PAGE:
Glycemic index, glycemic load and glycemic response: An International Scientific Consensus Summit from the International Carbohydrate Quality Consortium (ICQC)

Research output: Contribution to journalJournal articleResearchpeer-review

  • Livia S A Augustin
  • Cyril W C Kendall
  • David J A Jenkins
  • Walter C Willett
  • Alan W Barclay
  • Inger Björck
  • Jennie C Brand-Miller
  • Furio Brighenti
  • Anette E Buyken
  • Antonio Ceriello
  • C La Vecchia
  • Geoffrey Livesey
  • S Liu
  • Gabriele Riccardi
  • Salwa W Rizkalla
  • J L Sievenpiper
  • Antonia Trichopoulou
  • Thomas M S Wolever
  • Sara Baer-Sinnott
  • Andrea Poli

BACKGROUND AND AIMS: The positive and negative health effects of dietary carbohydrates are of interest to both researchers and consumers.

METHODS: International experts on carbohydrate research held a scientific summit in Stresa, Italy, in June 2013 to discuss controversies surrounding the utility of the glycemic index (GI), glycemic load (GL) and glycemic response (GR).

RESULTS: The outcome was a scientific consensus statement which recognized the importance of postprandial glycemia in overall health, and the GI as a valid and reproducible method of classifying carbohydrate foods for this purpose. There was consensus that diets low in GI and GL were relevant to the prevention and management of diabetes and coronary heart disease, and probably obesity. Moderate to weak associations were observed for selected cancers. The group affirmed that diets low in GI and GL should always be considered in the context of diets otherwise understood as healthy, complementing additional ways of characterizing carbohydrate foods, such as fiber and whole grain content. Diets of low GI and GL were considered particularly important in individuals with insulin resistance.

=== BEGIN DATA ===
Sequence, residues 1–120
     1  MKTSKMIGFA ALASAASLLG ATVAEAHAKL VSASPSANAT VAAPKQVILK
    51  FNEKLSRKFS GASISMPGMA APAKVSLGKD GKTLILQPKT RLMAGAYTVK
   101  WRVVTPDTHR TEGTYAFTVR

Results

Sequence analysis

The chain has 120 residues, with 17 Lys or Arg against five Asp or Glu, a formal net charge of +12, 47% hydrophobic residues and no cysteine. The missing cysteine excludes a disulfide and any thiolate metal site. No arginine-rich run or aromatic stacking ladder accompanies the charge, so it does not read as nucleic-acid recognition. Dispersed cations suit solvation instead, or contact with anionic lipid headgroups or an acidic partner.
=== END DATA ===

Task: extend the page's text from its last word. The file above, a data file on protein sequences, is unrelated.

CONCLUSIONS: Given the high prevalence of diabetes and pre-diabetes worldwide and the consistency of the scientific evidence reviewed, the expert panel confirmed an urgent need to communicate information on GI and GL to the general public and health professionals, through channels such as national dietary guidelines, food composition tables and food labels.

Original languageEnglish
JournalNutrition, Metabolism & Cardiovascular Diseases
Issue number9
Pages (from-to)795-815
Number of pages21
Publication statusPublished - 2015

ID: 156448341